For more information on eye health, visit www.aoa.org.
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Cost-Effective Tips For Managing Diabetes
(NAPSI)—If you or anyone you care for is ever among the one in 10
Americans living with diabetes, it's important to recognize that
managing this disease can seem both overwhelming and expensive—but it
doesn't have to be.
People with diabetes spend two and a half times on health care than the
average consumer does and approximately $350 annually on over-the-counter
Whether you're newly diagnosed or have been managing diabetes for
years, there are a number of cost-effective steps that can help you manage
treatment while living a healthy life:
• Buy generic and in bulk. Generic medications are just as safe and effective as brand-name medications
but generally lower in price. Pharmacists can recommend generic alternatives
that will help maintain the effectiveness of an individual's regimen
while saving them money, as well as more cost-effective prescription programs
such as a 90-day supply prescription plan.
• Enroll in savings programs. Savings programs, such as the CVS/pharmacy ExtraCare Advantage for Diabetes program, offer great opportunities for people living
with diabetes. Free to ExtraCare cardholders, it
provides an additional layer of savings and benefits. Members who sign up for
the program get a $5 offer on diabetes-related products and Double ExtraBucks Rewards on more than 100 products throughout
the year. Shoppers can have more than $130 in savings on CVS.com/diabetes, as well as exclusive,
members-only tips, recipes and savings every month in an e-newsletter.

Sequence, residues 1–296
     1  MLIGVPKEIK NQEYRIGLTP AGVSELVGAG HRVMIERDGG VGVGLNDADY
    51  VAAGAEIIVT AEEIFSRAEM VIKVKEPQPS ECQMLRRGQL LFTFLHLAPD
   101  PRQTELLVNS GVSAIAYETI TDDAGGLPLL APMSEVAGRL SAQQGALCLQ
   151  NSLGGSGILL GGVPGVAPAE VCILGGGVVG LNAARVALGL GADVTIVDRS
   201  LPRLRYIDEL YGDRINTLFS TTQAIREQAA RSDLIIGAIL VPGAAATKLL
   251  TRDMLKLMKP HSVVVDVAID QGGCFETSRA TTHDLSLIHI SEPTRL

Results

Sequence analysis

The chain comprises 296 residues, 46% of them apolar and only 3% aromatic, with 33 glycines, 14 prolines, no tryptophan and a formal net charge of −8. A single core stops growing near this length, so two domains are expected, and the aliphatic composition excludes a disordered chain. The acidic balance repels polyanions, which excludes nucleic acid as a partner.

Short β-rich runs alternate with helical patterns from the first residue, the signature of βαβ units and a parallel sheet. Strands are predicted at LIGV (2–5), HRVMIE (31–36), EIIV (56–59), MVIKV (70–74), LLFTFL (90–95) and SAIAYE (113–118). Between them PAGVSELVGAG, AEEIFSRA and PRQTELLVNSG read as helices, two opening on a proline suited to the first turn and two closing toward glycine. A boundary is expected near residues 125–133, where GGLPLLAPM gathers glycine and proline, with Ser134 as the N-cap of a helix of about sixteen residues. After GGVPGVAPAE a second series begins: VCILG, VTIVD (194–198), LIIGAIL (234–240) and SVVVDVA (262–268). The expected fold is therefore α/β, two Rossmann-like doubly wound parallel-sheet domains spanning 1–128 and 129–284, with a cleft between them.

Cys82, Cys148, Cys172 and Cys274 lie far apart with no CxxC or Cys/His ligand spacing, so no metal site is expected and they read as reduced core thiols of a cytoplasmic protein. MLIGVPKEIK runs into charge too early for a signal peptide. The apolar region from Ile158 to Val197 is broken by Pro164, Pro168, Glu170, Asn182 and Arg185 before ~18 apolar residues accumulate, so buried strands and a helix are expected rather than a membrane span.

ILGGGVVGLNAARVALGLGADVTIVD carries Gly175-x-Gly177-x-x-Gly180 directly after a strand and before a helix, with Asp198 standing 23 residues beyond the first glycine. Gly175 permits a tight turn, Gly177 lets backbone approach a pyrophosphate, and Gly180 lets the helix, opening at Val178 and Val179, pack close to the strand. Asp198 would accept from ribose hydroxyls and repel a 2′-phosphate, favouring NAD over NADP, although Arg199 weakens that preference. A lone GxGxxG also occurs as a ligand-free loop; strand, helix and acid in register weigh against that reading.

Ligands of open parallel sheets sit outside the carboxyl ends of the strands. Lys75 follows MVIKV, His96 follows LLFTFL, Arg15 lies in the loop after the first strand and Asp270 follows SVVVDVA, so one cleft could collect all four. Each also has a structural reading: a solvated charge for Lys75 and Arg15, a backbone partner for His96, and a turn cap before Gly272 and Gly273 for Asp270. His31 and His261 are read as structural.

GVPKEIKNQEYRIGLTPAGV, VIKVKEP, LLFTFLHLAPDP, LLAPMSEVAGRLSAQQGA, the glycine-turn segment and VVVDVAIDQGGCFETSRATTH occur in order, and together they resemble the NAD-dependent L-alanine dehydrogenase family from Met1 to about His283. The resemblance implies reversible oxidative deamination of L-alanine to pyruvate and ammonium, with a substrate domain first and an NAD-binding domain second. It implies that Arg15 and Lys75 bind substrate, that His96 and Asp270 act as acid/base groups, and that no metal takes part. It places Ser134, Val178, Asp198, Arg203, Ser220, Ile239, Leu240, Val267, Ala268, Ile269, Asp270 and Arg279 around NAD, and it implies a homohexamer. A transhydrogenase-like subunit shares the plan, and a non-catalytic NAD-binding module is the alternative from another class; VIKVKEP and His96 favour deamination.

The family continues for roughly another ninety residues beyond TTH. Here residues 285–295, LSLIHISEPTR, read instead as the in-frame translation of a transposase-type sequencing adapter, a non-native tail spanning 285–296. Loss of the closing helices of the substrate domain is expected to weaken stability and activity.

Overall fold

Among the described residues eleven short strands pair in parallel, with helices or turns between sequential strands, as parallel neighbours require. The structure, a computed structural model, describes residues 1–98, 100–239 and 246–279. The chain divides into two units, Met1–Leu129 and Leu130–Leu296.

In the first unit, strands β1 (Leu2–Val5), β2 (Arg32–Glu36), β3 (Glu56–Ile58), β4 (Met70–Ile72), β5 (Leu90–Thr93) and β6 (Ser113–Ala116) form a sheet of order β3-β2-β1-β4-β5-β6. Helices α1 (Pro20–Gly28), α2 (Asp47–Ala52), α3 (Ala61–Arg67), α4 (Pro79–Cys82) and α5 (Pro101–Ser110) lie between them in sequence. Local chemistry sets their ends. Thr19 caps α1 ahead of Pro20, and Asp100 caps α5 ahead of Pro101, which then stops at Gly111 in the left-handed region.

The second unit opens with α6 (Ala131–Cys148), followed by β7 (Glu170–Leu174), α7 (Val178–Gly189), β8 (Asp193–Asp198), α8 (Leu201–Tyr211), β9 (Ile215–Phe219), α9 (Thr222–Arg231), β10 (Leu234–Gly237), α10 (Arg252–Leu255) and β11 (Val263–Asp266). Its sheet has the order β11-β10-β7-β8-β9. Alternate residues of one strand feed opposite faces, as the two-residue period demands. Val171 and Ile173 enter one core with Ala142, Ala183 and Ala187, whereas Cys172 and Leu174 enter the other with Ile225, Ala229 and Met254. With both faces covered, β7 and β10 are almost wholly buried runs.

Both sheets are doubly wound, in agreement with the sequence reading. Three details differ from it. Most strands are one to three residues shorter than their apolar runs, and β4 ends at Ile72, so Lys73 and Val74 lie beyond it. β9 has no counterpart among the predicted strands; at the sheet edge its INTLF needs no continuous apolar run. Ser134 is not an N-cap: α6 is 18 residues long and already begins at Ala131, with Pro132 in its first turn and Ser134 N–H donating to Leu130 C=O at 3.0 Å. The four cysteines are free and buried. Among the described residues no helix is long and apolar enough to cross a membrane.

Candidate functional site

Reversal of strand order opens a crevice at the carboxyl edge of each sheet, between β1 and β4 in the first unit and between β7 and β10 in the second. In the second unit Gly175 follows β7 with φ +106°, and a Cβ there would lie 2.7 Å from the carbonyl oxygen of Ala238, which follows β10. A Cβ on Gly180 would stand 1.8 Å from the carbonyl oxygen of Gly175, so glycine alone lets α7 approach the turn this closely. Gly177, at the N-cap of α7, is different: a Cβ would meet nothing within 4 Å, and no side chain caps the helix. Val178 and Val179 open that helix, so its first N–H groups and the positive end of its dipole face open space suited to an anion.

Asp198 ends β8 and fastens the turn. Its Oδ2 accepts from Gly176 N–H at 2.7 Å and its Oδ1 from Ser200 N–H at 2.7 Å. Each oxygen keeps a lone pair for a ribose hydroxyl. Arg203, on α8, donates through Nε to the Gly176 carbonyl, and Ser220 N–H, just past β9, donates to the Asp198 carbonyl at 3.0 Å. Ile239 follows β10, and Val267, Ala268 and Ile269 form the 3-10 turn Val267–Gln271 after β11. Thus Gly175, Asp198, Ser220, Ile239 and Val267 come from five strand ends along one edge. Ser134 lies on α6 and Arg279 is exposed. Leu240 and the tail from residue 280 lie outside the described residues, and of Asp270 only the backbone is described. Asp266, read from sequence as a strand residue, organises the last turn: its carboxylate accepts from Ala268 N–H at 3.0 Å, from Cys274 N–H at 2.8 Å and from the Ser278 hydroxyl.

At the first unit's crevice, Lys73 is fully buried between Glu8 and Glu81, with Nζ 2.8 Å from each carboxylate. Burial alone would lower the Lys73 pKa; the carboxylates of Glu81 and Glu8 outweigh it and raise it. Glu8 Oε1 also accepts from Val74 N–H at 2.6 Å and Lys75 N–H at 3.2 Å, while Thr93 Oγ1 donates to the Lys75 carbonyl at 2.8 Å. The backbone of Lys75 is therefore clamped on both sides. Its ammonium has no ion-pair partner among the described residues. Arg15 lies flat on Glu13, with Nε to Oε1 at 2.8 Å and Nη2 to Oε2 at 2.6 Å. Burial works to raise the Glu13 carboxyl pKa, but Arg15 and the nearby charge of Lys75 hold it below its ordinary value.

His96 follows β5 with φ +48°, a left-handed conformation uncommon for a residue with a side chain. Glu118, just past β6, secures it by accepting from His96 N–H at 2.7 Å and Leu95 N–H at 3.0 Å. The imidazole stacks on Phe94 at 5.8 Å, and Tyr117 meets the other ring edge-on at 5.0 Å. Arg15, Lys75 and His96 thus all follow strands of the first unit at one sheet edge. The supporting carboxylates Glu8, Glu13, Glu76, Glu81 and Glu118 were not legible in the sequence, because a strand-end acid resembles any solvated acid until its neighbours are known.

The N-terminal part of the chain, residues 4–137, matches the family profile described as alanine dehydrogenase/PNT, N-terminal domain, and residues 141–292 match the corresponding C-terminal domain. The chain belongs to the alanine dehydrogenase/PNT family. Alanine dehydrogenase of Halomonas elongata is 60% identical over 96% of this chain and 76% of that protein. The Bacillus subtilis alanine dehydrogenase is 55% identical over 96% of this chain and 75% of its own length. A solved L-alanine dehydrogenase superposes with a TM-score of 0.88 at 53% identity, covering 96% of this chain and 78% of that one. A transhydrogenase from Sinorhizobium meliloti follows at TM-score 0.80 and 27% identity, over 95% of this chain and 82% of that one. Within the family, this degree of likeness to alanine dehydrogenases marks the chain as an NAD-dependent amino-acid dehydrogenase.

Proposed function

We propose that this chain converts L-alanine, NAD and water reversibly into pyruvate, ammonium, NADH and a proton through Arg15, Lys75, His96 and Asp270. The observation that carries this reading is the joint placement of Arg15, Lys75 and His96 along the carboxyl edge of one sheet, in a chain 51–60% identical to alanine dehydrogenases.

• Be proactive. People
living with diabetes should be active participants in their own health care,
and shouldn't be afraid to ask questions. Health experts, such as
pharmacists, can offer advice for effectively managing this chronic
condition. Pharmacists can also be a great resource in recommending
less-expensive alternatives for medications and medical equipment, in
addition to offering assistance with finding healthy diet alternatives. Be
proactive and ask your pharmacist any questions you have about managing
diabetes and saving money. Also, take advantage of free diabetes screening
programs, such as CVS/pharmacy's Project Health program.
• Learn more. You can
find further facts and tips at www.cvs.com/diabetes.
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Myths About Diabetes: Injecting Is Complicated
(NAPSI)—According to the American Diabetes Association, diabetes
affects 25.8 million Americans. Type 1 diabetes can occur at any age but is
most often diagnosed in children, teens or young adults. Type 2 most often
occurs in adulthood. Treatment options can include diet, exercise and
medication that may require multiple injections a day, such as insulin and
GLP-1 incretins. For many people with diabetes, the
idea of injecting insulin may seem complicated—but it doesn't
have to be. New injection options and recommendations are helping to simplify
the injection process.
Shorter pen needles are one innovation that is making injection therapy
easier—and more comfortable. Available with thinner gauges and modified
needle tips, 4mm needles make it easier for patients to inject insulin, as
most patients don't need to "pinch up" the skin when
injecting—a technique that is needed when using longer needles to avoid
hitting the muscle with the needle. Needles as short as 4mm are effective for
children as well as adult patients, including those with a high body mass
index (BMI). Longer needles could go too deep into the patient's body
and actually deliver insulin into the muscle, where absorption could be
unpredictable and potentially create unanticipated hypoglycemic (low blood
Not having to "pinch up" also enables patients to use just one
hand when administering their injection treatments, which allows for more
discreet injections. A one-handed injection technique also makes it possible